Prior to the rise of Missippian Mound Builders is found on the Bible Timeline Poster with World History around 700 AD. This culture started in North America hundreds of years before the construction of the pyramids in Egypt. According to historians, these people created some earthen mounds of varied styles that were used in elite residences, burials, and religious ceremonies. There were different cultures included in the Mound Builders such as the Pre-Columbian during the Archaic, Mississippian and the Woodland period that covers the Hopewell and Adena cultures. All of these were within the years 3500 BC and until 16 AD. These cultures started and flourished in various areas including regions in the Ohio River Valley, Mississippi River Valley, and the Great Lakes.
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Scholars agreed that indigenous people living in America built these mounds. In fact, there were Spanish explorers who visited several Mississippi cities during the 16th century that dealt with the natives and learned more about their cultures. These explorers also discovered several artifacts that formed the concept that the natives were indeed responsible for these mounds built within certain regions in the Americas. The study of these cultures was mainly done through anthropology and archeology.
Interesting Facts about Mound Builders
Originally, “mound builder” was a term that pertained to the people who made various earthworks during the 16th to the 19th centuries. These people excelled in constructing mounds and structures used in burial and other ceremonies. Among these masterpieces included platform mounds and structures with elongated ridges or flat/rounded tops. They were also designed as a part of their intricate villages presenting the specialized knowledge and skill of the builders. In Louisiana, for instance, there were some earthworks believed to have been built as early as 3500 BC. A type of culture called hunter-gatherer built these earthworks.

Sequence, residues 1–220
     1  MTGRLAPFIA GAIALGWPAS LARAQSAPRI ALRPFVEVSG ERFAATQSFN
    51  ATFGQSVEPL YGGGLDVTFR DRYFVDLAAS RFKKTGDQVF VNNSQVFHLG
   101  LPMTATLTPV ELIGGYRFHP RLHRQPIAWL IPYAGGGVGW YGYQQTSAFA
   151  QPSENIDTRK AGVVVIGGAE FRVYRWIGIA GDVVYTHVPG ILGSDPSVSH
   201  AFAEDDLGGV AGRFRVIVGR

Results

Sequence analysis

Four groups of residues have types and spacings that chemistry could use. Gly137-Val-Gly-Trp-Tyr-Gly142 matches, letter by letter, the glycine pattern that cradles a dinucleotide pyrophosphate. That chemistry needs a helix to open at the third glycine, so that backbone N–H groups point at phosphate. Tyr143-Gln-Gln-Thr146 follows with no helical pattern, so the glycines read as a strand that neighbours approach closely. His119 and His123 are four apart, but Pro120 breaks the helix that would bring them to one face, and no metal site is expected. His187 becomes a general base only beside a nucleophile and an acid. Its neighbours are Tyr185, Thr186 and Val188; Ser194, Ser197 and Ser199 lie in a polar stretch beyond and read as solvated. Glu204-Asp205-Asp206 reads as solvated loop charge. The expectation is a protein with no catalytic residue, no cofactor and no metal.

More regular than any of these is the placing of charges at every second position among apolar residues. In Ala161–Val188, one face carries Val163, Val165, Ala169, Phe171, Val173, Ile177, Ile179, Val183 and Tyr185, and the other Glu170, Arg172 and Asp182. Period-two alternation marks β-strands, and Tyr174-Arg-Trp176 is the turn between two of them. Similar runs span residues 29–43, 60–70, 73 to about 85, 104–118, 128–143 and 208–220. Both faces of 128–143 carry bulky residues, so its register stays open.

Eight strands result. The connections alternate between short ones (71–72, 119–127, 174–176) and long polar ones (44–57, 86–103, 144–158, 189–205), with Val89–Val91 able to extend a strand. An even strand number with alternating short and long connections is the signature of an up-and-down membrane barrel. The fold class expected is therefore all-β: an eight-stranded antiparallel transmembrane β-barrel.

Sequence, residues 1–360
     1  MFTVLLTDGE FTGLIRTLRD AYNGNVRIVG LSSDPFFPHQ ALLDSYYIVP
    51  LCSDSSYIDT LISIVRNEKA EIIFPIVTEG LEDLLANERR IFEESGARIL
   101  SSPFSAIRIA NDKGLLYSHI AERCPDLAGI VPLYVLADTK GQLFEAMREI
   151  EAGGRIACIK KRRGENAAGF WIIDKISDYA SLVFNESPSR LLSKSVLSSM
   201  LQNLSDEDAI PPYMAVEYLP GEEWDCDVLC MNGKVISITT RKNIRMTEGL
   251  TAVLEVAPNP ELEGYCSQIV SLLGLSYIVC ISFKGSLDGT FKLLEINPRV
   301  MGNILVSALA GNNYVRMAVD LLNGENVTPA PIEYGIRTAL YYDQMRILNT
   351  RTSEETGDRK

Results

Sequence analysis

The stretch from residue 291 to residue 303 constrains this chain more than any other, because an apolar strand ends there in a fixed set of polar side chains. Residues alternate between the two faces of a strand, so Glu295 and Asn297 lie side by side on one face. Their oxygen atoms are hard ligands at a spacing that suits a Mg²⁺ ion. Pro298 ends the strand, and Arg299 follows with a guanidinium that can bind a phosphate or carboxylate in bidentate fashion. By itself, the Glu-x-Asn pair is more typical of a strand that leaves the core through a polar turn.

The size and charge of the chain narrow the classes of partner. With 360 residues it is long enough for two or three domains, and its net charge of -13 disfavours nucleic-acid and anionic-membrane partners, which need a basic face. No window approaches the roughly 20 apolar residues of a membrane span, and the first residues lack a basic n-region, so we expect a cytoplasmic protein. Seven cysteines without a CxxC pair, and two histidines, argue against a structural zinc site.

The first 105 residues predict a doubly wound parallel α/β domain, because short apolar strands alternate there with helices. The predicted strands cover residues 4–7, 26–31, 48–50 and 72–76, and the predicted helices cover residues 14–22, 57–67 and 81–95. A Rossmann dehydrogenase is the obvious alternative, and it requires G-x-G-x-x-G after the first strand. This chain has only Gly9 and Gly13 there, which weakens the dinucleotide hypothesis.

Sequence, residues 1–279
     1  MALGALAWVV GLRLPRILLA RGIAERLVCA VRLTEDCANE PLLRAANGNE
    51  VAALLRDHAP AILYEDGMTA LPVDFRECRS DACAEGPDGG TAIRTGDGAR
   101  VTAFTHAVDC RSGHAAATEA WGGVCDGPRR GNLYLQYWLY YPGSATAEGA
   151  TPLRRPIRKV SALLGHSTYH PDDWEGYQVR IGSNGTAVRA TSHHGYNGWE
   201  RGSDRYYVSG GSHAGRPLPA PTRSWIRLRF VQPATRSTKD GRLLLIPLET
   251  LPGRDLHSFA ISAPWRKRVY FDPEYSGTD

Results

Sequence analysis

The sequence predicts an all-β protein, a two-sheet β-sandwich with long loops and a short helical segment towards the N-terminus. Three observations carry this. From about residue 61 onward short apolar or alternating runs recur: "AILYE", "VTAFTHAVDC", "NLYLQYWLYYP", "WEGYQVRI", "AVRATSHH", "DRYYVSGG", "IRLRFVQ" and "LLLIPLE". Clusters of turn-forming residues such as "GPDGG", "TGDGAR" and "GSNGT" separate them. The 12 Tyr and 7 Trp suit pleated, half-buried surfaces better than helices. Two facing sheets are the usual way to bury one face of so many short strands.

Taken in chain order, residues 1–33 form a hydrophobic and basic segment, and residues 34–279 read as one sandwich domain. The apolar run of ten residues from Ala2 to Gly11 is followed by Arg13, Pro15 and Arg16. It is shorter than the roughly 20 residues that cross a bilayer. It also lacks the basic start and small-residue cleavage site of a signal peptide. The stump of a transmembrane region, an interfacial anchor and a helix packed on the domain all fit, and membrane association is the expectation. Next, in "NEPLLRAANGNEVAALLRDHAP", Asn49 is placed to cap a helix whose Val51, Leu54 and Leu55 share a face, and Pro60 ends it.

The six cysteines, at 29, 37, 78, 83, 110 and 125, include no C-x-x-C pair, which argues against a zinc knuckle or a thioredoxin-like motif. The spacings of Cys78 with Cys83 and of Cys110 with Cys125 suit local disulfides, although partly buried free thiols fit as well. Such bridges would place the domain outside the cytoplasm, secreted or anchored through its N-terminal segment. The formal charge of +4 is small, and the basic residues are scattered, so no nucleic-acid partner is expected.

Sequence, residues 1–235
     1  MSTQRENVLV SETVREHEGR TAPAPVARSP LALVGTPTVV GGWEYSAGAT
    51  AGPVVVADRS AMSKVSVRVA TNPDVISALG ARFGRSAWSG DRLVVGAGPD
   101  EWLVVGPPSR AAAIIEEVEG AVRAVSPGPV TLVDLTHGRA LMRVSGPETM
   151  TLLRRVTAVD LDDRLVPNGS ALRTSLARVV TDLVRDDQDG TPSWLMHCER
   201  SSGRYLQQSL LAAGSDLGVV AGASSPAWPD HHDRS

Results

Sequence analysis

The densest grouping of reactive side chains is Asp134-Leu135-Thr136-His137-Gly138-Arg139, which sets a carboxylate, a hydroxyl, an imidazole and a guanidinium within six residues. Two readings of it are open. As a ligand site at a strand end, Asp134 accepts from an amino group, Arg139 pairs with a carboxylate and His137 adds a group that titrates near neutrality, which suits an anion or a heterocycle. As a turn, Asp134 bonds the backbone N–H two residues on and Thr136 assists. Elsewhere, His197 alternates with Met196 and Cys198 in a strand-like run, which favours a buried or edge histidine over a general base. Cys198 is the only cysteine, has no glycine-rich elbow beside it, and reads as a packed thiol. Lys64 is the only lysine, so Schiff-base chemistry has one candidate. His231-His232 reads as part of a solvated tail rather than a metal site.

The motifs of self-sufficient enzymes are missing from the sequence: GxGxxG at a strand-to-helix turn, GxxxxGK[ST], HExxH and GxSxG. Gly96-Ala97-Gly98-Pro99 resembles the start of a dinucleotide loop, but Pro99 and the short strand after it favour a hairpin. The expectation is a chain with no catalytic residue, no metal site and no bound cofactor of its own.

One of the finest creations by mound builders was a pyramidal structure that comes with a flat top called the Monks Mounds. This was the largest earthwork in the pre-Columbian period with an estimated height of 100 feet. They are situated around Collinsville, Illinois. There were inhabited by about 20,000 people until the Europeans came after the year 1800. Other structures included effigy mounds; these come in the shape of animals there were considered significant by the people. For example, the Serpent Mound which was a popular effigy mound and it is located in southern Ohio. The structure, as the name implies, appears as an undulating serpent, and it reaches more than 1330 feet in length.
Some tribal groups have their own cultures and beliefs, and they all built mounds based on their culture. Also, their creations had some relevance with cosmology revealing the in-depth knowledge of these builders. In 3500 BC, which was the Middle Archaic period, the Watson Brake was built. It was regarded as North America’s oldest mound complexes. It served as a marker of the culture’s social and political complexity.
When the Civil War started, the zenith of the Mound Builders reached its end. Nevertheless, there were discoveries made including the shell middens and coastal mounds, in 1861. There were also other mounds studied by scientists including the ones found in the Newark Complex, among a few others.
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2 thoughts on “Mississippian Mound Builders 700 AD, Rise of”
Hello, I read your article on mound builders, and was wondering if there is any evidence that a mound was started at ground level during archaic times and topped off thousands of years later by the Mississippian time period, by adding a ceremonial mound on top of a archaic mound? Thanks, Jeff Krag
I believe so – check out Cahokia and Poverty Point searches on the web.